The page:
To find the proper way for your body type to be sleeping at night is important for you to stop aching and having pain, and numbness. I hear people always say, "Well that's uncomfortable for me to sleep on my back. Or when I first tried it I would end up back in the same position." I understand, I had to go through the same process.

When we first start anything out of habit for the first time it seems uncomfortable. Remember, soft tissue tightens after 20 minutes and if a muscle is tight, it is more likely to be more contracted at rest than a loosened muscle. I always ask clients how they sleep, it tells me exactly where they are tight at, and what areas we need to stretch and what areas we need to strengthen.

So what is the simplest way to break your habitual side or belly sleeping? Stretching before bed. Stretch the tight areas in your body. It will still be somewhat uncomfortable still, but stretching will at least allow the body to get some of those overactive muscles out of their tightened state.


What is the Best Way to Sleep?

Sleeping on your back is best. Side is second best. what's most important is trying to align your spine. We don't want to create any kinks. Misalignment at night will create pain in the morning.

Remember the saying, "He woke up on the wrong side of the bed??" Well, this may actually have some meaning to it! These sayings that were said for years sometimes do have meaning behind them.

We have all slept wrong a time or two and had that irritating kink in our necks. Depending on the body type and weight of the individual will determine what position is better. The side is more complex to stay straight than being on the back.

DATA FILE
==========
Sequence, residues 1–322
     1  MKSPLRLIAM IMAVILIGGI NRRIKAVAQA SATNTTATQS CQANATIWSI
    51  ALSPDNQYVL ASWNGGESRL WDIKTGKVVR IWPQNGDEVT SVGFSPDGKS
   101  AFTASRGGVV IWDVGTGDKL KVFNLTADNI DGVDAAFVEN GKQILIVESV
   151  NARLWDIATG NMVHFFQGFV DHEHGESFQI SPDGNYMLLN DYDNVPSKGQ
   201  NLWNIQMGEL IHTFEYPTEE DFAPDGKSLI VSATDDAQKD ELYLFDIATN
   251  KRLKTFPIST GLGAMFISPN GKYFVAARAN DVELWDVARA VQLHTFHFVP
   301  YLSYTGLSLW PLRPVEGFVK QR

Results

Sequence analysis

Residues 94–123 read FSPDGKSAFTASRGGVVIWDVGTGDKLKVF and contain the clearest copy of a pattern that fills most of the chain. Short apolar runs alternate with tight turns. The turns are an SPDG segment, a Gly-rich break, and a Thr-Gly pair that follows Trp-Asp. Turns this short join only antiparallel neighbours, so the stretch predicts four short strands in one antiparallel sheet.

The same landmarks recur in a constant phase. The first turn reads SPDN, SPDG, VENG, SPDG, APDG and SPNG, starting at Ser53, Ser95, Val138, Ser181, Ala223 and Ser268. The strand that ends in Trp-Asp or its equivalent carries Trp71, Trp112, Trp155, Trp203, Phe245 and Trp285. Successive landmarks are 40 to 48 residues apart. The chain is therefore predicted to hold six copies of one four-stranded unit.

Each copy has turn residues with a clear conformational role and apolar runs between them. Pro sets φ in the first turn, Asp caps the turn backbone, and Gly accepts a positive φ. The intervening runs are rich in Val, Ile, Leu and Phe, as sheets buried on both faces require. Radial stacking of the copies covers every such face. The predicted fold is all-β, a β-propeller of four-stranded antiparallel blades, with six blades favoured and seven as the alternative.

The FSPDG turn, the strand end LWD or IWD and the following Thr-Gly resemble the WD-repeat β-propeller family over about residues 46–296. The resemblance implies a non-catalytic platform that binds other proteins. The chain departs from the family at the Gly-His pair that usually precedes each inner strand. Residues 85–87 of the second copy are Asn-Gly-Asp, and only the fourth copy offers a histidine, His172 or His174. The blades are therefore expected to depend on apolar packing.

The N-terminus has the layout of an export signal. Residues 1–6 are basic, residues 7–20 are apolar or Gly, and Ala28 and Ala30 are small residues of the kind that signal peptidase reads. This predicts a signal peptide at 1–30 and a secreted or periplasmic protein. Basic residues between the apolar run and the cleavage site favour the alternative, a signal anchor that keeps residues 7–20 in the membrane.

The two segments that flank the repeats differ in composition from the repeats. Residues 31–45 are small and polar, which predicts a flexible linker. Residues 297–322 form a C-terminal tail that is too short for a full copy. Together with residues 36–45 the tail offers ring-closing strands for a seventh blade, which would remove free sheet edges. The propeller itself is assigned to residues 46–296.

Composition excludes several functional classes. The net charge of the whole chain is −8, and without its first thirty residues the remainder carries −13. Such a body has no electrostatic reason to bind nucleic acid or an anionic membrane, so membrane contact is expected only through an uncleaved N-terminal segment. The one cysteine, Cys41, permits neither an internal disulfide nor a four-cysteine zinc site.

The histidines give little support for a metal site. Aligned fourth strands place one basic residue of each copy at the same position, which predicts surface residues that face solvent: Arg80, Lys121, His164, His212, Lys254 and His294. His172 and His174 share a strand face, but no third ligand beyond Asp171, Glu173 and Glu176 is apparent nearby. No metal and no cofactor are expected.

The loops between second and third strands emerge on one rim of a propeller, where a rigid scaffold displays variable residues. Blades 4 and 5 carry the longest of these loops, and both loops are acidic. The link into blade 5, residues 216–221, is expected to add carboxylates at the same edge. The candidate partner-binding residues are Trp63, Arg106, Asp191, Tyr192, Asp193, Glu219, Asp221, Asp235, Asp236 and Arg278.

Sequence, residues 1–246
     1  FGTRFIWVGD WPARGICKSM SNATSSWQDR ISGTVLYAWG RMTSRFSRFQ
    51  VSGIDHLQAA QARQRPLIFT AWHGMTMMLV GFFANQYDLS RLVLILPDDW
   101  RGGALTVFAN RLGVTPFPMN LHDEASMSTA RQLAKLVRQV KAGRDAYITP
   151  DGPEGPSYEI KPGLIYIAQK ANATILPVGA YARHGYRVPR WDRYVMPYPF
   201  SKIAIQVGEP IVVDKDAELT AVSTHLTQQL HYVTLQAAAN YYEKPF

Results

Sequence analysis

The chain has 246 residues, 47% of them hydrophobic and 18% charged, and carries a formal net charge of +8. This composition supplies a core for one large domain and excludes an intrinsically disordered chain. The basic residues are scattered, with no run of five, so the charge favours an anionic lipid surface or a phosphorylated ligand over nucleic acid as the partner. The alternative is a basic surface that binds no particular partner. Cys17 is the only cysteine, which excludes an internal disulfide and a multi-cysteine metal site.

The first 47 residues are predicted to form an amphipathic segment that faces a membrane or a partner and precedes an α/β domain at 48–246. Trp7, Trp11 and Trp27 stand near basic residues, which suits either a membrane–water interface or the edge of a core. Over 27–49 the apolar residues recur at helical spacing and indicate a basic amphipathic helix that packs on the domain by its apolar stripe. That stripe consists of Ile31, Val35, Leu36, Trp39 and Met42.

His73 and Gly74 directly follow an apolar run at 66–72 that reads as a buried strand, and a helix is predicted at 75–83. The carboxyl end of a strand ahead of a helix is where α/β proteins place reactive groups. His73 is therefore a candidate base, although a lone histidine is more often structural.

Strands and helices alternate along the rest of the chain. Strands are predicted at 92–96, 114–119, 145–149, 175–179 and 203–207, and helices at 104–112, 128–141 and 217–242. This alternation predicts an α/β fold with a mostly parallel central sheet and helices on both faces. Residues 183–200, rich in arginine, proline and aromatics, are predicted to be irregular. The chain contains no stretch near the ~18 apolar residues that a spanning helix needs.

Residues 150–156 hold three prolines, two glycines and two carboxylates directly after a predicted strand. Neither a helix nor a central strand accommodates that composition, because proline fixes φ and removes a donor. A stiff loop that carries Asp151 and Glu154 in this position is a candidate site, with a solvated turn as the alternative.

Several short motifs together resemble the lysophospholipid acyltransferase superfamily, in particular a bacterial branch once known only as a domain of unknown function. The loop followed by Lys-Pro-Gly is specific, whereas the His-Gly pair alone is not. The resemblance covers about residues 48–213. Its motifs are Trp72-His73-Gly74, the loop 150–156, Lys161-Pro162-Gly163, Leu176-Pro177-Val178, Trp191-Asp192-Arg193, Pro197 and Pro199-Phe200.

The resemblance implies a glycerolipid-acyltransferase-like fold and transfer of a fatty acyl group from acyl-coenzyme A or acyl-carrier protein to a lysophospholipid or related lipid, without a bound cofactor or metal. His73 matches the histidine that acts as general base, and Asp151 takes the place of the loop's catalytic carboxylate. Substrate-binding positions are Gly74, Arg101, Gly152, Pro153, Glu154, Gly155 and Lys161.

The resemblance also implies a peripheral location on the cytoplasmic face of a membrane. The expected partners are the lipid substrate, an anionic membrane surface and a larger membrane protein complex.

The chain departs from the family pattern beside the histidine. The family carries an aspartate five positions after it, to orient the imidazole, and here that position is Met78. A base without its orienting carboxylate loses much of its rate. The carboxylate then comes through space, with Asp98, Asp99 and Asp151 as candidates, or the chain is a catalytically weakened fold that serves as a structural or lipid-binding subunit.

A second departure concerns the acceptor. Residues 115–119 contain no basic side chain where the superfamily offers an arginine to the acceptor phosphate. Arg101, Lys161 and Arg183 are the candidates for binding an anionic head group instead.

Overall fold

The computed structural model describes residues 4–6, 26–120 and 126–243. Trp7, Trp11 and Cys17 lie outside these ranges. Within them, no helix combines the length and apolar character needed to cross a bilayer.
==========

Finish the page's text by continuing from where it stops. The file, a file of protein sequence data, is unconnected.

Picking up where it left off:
The type of bed will also determine how easy it will be to stay in your fixed position. We all toss and turn at night. That's inevitable. Typically if your partner sleeps on the right side of the bed, you will turn to your left. The body wants to stay away from their carbon dioxide.

So the next time you deadlift and kink your back, think about your sleeping patterns and where you are hurt. It won't be the tight muscle that gets pulled or tweaked, it will be the overstretched one.

If you deadlift and tweak your low back on your left side. I would say... "Hmm, I bet you either sleep on your left side or on your stomach with your right leg hiked up." I have had people say, "how did you know that?" How you sleep and what you do for a living or what hobbies you do in your free time will show me what I should look for in keeping you healthy and pain free.

Pay attention to your body and pain signals. Do not ignore them with NSAIDS and ice. Pay attention to when it comes on and think about the details.

Try to be very observant of your hobbies and actions that are causing you pain. Write it down even! It may be something that you may have never thought would make a difference. I will Bullet point a couple of freebies for you.
  • Medial knee pain - Side sleeping, crossing your legs, tight illiopsoas from sitting, improper squat form.
  • Tension headache - Chewing gum on 1 side, looking at a TV or computer screen with a forward head posture for too long, text neck (texting with your head down all day), driving with your head too far away from the seat.